And there's much, much more hidden in those search results. For instance, each result typically includes the phrases "Cached" and "Similar pages" in gray type at the end of the listing. If you click on "Cached," you will see the Web page as it appeared when Google's automated Web indexing system last captured it. This is very helpful if a page has become inaccessible or has changed in a way that obliterates the information you wanted. If you click on "Similar pages," you get a list of pages relevant to that result that the main search may have missed.
Google can also find your search term inside documents posted on the Web in various formats, such as Microsoft Word or other Office documents, or Adobe Acrobat PDF files. These documents are indicated by a term in brackets at the beginning of the result, such as "[PDF]" or "[DOC]". If you click on the link, the document will open, provided you own the application required to open it. If you don't have that program, Google will let you view the document in HTML, the universal language of Web pages.
And you can use all sorts of tricks when typing search terms into Google's regular box. For instance:
If you type in a business name and its city and state, or zip code, Google finds its street address and phone number and provides a link to a map of its location.
If you type in a person's first and last name, followed by a city, state, area code or zip code, in most cases you get a street address and phone number and a link to a map.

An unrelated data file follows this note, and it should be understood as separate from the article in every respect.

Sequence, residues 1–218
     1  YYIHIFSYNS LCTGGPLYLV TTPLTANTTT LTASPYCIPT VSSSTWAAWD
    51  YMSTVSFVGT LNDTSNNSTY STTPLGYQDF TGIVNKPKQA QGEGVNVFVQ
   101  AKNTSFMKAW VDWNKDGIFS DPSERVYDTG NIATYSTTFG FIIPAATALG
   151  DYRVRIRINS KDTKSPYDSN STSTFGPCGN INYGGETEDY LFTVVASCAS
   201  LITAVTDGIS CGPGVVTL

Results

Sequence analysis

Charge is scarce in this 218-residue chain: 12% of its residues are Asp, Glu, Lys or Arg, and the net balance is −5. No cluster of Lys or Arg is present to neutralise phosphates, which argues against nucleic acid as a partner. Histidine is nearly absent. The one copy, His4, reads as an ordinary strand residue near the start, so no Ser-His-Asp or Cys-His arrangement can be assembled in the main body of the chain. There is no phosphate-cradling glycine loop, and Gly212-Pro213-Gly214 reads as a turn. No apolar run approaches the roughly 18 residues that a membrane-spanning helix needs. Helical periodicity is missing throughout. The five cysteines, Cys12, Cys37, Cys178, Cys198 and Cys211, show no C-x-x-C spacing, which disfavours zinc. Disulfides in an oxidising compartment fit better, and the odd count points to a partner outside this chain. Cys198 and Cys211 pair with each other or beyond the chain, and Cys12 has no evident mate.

If you type in a listed phone number, Google gives you the name and address that goes with it, plus a link to a map.
If you type in a street address, Google provides a link to a map.
If you type in one or more stock symbols, Google provides a link to a current quote.
You can get a dictionary definition of any search term by clicking on the underlined version of the term that appears in the dark blue header under the search box.
If you press the "I'm Feeling Lucky" button after typing a search term, Google takes you directly to the first listing in its search results, without showing you the list itself.
And Google can search in only a certain site; just type in your term, then the word "site:" followed by a Web address.
Finally, I must mention one of the best features of Google: the Google Toolbar. This is a free piece of software that alters your Web browser so a Google search box appears at the top of the browser window, no matter what page you're on. It spares you the need to navigate to the Google site when you want to do a search. You just type your search term into the ever-present box and a Google search results page appears. It even allows you to conduct a search within a single site.
The Google Toolbar is available at toolbar.google. com. But it works only with Internet Explorer for Windows, so Mac users and users of alternative browsers are out of luck.
So the next time you visit Google, remember: As great as you thought it was, there's even more to like than you knew.